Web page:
2019 Honda Civic Review

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2019 Honda Civic Overview

Say the phrase “compact car,” and what’s the first vehicle to come to mind? There’s a good chance it’s either a Toyota Corolla or this car, the Honda Civic. Both are cornerstones of a competitive, and varied, compact sedan market. But where the Corolla trades on frugality and value, the Civic brings comfort and a more premium feel.

Honda first introduced the Civic to the North American market in 1973; in 2016, the Civic entered its 10th generation. For 2019, the Civic gains some very subtle visual updates and adds a new Sport trim.

For 2019, Honda makes crucial driver-assistance features standard equipment on every trim, making the Civic safer and making its base trims a greater value. It will need every weapon at its disposal to fend off rivals like the Ford Focus, Volkswagen Jetta, Chevrolet Cruze, Kia Soul, Mazda MAZDA3, Subaru Impreza, Nissan Sentra, and of course, the aforementioned Corolla.

For 2019, the exterior of the Civic receives a few tweaks. These include a piano black upper grille insert, new lower front wing, new lower grille area, and updated headlights. The Civic sedan receives new chrome accents on the lower bumper, and the Touring trim receives new, larger 18-inch wheels. New wheel designs are available on other trims.

The dash layout of the Civic blends a futuristic feel with functionality. The Civic has a lower, longer profile than the Corolla, thus allowing for a more dramatic dash design, which flows into the center console. Despite its aesthetic, the Civic’s cabin is meant to be useful; it offers a large tray at the base of the center console and plenty of cubbies and cup holders.

The Civic comes well equipped, with features like Bluetooth connectivity, a USB port, and a reversing camera. Uprated trims add features such as a one-touch power moonroof, LED headlights, push-button start, dual-zone climate control, leather upholstery, heated seats, and navigation. All but the base Civic receive a touchscreen that includes Apple CarPlay and Android Auto.

But the Civic’s infotainment system leaves something to be desired. Navigating through the menu navigation is challenging – but Honda is improving things with a new Display Audio infotainment system that features a volume knob. This might seem pretty basic, but previous iterations of the Civic featured a touch-capacitive slider to the left of the screen, which was very unintuitive. The addition of a volume knob is a welcome change.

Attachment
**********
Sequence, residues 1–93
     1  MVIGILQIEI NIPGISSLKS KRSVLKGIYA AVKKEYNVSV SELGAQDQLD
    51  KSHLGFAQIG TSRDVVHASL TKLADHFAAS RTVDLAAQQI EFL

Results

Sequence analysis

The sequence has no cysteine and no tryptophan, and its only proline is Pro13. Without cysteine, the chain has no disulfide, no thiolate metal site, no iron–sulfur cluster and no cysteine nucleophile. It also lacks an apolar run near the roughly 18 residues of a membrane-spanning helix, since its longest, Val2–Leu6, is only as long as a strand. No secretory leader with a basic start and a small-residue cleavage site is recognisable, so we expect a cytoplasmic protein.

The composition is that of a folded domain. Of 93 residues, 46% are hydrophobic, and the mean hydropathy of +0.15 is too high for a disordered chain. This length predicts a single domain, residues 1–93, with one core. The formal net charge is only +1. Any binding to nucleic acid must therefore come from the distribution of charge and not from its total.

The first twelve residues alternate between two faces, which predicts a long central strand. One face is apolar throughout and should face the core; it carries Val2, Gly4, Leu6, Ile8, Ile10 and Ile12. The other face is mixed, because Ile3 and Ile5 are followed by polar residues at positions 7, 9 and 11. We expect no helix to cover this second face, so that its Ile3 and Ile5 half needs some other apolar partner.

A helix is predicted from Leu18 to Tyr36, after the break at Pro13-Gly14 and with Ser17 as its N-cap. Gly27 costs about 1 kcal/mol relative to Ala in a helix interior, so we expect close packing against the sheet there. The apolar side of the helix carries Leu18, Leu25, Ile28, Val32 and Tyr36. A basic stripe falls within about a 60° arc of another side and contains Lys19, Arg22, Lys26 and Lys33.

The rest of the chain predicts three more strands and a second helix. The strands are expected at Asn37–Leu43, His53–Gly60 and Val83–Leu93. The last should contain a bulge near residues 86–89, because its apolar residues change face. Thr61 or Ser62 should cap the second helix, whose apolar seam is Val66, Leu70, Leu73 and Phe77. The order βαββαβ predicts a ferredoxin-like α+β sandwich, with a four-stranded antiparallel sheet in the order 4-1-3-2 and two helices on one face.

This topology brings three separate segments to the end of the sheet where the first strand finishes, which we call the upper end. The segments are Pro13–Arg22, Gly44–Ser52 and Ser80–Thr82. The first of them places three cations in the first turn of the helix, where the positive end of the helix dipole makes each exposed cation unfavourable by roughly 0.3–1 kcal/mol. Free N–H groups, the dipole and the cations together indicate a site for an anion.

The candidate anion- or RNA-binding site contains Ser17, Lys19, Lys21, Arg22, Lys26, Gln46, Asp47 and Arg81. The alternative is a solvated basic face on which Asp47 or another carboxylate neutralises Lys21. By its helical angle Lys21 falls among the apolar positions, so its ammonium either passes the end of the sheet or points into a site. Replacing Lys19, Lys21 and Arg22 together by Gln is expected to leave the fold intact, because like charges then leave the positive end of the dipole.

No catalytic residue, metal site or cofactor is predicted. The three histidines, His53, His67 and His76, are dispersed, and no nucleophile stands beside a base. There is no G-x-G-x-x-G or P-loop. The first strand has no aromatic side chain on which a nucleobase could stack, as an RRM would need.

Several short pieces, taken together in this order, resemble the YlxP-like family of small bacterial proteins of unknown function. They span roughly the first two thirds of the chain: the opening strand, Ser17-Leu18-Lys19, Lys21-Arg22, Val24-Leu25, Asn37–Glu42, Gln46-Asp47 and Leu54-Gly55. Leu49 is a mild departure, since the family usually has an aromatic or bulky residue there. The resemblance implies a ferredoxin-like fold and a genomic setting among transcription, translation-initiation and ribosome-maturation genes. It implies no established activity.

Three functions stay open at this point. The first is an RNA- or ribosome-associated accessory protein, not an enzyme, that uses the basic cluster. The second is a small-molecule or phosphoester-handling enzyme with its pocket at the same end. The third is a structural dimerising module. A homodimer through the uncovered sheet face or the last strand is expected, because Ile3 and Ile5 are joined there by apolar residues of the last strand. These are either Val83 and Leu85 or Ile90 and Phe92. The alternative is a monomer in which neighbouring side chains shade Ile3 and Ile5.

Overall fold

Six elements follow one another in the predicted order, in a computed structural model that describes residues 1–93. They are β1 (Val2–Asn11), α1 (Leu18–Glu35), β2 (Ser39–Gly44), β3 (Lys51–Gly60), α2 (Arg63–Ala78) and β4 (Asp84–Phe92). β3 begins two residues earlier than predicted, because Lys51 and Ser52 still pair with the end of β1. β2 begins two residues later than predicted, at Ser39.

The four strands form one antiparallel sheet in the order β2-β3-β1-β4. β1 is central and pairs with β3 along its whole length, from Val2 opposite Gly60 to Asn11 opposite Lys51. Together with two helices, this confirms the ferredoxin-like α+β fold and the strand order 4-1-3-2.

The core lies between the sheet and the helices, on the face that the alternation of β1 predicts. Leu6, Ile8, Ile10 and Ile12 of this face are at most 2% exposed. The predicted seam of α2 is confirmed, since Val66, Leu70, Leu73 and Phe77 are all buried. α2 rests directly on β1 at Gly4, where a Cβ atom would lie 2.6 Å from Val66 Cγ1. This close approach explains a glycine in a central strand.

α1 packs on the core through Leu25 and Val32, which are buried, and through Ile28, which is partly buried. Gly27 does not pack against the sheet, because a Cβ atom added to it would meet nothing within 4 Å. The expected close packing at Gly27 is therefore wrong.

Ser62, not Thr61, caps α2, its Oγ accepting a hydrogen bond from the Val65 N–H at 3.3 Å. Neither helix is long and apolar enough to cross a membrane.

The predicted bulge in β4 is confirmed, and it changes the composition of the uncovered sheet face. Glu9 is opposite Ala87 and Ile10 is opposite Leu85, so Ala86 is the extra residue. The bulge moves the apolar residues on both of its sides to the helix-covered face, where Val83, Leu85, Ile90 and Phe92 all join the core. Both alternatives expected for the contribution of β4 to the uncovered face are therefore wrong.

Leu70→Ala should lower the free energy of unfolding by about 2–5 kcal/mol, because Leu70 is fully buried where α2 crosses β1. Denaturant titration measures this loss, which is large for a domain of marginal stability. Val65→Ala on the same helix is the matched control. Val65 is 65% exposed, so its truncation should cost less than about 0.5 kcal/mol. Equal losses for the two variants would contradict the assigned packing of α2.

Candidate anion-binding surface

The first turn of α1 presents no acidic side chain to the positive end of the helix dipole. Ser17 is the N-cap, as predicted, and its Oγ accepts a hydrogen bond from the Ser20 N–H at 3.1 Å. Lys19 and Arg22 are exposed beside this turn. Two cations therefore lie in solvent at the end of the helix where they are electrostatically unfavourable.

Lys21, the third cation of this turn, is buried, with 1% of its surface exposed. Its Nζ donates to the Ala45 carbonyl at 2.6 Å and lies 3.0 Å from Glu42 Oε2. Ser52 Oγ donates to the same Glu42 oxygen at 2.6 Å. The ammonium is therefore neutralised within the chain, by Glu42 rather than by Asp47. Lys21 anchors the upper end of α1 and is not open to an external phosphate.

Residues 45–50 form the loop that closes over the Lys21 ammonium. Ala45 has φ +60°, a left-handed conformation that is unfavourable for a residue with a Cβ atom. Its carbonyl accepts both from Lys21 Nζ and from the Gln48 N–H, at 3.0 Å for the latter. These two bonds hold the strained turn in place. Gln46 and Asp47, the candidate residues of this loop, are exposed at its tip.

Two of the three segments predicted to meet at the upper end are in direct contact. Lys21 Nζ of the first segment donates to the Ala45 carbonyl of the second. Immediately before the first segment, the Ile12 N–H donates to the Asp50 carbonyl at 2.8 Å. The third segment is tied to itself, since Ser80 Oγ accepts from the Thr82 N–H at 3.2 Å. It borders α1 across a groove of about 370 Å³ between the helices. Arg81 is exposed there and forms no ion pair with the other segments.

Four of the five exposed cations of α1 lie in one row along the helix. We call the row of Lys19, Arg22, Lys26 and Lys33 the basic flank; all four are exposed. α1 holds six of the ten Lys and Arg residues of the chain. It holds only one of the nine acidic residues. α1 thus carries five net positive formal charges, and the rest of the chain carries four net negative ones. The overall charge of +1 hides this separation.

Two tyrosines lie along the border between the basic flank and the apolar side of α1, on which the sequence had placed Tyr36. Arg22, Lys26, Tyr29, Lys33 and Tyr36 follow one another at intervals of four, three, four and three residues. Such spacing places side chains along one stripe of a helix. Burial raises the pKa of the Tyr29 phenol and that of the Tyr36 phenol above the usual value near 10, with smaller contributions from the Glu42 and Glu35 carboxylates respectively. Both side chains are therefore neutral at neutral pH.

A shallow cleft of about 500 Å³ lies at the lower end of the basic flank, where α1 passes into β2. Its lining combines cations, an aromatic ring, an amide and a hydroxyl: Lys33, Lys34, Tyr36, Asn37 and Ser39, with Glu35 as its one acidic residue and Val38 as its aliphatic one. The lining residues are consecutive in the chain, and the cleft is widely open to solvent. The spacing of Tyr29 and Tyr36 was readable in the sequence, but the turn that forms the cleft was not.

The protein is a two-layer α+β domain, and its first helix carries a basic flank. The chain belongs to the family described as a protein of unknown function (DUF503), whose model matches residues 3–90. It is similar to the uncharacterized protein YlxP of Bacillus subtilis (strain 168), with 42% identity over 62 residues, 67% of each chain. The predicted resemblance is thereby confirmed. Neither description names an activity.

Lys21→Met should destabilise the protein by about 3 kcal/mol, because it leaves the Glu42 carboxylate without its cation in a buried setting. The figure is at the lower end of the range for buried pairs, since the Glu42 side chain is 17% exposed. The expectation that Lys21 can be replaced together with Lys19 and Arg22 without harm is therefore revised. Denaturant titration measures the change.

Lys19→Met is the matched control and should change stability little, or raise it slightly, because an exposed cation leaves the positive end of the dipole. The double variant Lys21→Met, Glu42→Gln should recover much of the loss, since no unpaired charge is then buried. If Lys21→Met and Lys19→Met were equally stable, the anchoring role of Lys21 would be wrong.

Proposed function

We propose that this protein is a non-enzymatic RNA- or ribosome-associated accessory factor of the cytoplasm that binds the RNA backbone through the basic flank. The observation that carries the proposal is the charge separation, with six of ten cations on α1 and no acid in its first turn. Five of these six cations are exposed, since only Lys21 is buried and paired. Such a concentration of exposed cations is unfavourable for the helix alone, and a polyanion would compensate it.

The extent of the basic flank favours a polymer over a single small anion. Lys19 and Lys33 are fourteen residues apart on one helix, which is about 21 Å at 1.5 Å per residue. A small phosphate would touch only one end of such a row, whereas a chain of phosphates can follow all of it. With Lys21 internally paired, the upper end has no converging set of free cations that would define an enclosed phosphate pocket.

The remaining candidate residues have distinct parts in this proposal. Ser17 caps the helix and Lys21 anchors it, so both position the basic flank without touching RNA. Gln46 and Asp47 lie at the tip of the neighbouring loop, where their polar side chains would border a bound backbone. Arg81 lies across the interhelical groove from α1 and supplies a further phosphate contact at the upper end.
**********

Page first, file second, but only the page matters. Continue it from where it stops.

The Sport trim is a new addition for 2019. It sits between the base LX and midrange EX trims. The Sport is designed to give the presence of the Si, without its more potent engine. It gets a piano-black lower front fascia, unique side-pod accents, and a rear spoiler. It also gets an upgraded lower rear bumper styled like a rear splitter, incorporating the thin, wide polygon-shaped exhaust tip from the Si. Rounding out the look of the Sport trim are black 18-inch alloy wheels.

For the LX, Sport, and EX trims, the engine is a 2.0-liter four-cylinder that is naturally aspirated (no turbochargers), making 158 horsepower and 138 pound-feet of torque. All other trims receive a 1.5-liter turbocharged inline-4. This engine makes 174 horsepower and 162 pound-feet of torque; horsepower will drop to 167 for the manual transmission.

Power gets sent to the front wheels through either a 6-speed manual transmission or a continuously variable transmission (CVT) that operates as an automatic.

The most critical update for the 2019 Honda Civic is the inclusion of Honda Sensing as standard equipment across the trim lineup. Honda Sensing is a suite of driver assistance features that can alert and assist the driver. These features include a collision-mitigation braking system with forward-collision warning, adaptive cruise control, and lane-departure warning.

The Honda Sensing features join a list of standard safety features that includes a multi-angle reversing camera, tire-pressure monitoring system, LATCH child seat anchoring system, and a full array of front- and side-impact airbags.

Other available driver-assistance features include blind-spot monitoring with rear cross-traffic alert and Honda LaneWatch, which comprises a camera integrated into the passenger side mirror. The camera monitors the driver’s passenger-side blind spot by projecting that area on the center touchscreen whenever the driver uses the right turn signal or manually activates it. This not only helps the driver see the right lane just before a lane change, but it can also help the driver more accurately parallel park.

Fuel-economy numbers have not yet been released at the time of this preview’s publishing.

The compact car segment is often about value. The Civic tends to hit the upscale end of the segment, but with new standard driver-assistance features and a new budget-minded Sport trim, the Civic can claim value as one of its attributes as well.

Updated

From open-wheel racecars to specialty off-road vehicles, George Kennedy has driven it all. A career automotive journalist, George has been a contributor, editor, and/or producer at some of the most respected publications and outlets, including Consumer Reports, the Boston Globe, Boston Magazine, Autoblog.com, Hemmings Classic Wheels, BoldRide.com, the Providence Journal, and WheelsTV.

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